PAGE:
Adams Papers

From John Adams to Beriah Phipps, 11 June 1798

To the Grand Jurors of the Body of the County of Columbia in the state of New York

Philadelphia June 11 1798


I thank you, for this well written and excellent Address. The Number of Addresses, which I daily receive from my fellow Citizens in greater Numbers than I can possibly answer is the Cause of the long delay of this.

Your Indignation and Alarm are well founded. If there are Citizens capable of being made the disgraceful Instrument of counteracting the Measures of their own free Government, and of prostrating it at the feet of foreign domination, all is lost.

The most infallible Criterion to distinguish, those Republicks which can be supported and preserved from those which cannot, is the Unanimity with which they reject foreign Influence and resist foreign Hostility.

In contemplating our Government as a free representative Republic, We should always recollect that Representative Government is elective Government. And although the Philosophers of our Age, conscious that Elective Governments had from experience acquired a bad name in Europe, have been careful to give them a new one: Yet We <should> shall not I trust be deceived by the Change of a Name. We know that our Government, whether We call it Elective or representative, depends for its Existence on the purity of our Elections, unbiassed by foreign Influence and untainted by Corruption. Our Government has indeed, displayed a Splendid Example honourable to human Nature, because Our Elections have been pure. But the Corruption of the best Things, is the worst. If Our Elections become corrupt they will exhibit a horrid Example, disgraceful to human Nature.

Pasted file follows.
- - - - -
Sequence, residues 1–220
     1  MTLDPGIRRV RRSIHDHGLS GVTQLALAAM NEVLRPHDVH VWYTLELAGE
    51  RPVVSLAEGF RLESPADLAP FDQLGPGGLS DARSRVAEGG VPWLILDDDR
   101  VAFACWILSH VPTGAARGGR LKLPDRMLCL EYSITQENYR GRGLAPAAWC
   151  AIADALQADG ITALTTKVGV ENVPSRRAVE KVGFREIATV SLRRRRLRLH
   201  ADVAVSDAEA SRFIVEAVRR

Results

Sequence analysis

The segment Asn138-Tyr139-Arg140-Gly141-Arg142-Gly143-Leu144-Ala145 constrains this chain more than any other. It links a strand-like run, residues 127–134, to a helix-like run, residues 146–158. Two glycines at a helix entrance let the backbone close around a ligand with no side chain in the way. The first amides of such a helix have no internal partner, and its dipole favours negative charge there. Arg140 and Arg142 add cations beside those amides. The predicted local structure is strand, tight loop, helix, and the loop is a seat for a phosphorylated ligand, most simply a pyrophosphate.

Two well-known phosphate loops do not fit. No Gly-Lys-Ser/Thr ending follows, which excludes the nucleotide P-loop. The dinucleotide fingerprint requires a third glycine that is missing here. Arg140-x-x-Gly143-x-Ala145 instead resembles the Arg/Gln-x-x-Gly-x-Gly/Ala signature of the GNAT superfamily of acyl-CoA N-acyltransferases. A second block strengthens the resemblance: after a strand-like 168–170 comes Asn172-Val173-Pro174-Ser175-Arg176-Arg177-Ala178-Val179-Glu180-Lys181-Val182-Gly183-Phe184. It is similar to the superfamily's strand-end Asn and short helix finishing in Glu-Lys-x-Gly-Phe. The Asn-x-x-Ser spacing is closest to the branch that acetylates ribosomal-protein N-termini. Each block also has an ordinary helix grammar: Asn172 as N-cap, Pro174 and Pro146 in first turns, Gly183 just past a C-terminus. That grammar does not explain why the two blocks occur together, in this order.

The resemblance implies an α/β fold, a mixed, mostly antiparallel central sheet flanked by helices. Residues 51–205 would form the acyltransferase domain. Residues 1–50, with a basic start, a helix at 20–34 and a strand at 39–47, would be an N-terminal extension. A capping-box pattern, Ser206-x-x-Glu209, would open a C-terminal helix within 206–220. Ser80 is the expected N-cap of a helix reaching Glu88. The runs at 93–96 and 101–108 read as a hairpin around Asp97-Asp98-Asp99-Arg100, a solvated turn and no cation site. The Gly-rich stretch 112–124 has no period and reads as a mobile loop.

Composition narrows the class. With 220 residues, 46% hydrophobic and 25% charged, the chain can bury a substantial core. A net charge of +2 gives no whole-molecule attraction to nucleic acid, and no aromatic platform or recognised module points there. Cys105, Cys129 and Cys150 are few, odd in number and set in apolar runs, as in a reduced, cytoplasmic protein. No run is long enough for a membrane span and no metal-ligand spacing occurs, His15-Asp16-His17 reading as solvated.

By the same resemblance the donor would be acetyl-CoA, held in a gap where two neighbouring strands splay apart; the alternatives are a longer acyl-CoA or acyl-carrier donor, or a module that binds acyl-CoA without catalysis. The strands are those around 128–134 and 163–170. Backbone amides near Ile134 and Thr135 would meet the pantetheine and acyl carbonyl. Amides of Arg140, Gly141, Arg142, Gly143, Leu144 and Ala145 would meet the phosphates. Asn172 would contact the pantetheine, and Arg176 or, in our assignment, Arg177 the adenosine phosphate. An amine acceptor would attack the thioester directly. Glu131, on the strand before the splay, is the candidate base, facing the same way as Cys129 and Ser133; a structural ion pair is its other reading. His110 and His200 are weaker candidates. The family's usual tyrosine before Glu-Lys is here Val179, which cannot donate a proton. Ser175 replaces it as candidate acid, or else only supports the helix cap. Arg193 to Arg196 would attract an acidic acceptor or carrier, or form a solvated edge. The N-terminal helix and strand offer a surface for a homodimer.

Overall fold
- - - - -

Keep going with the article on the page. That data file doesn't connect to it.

John Adams

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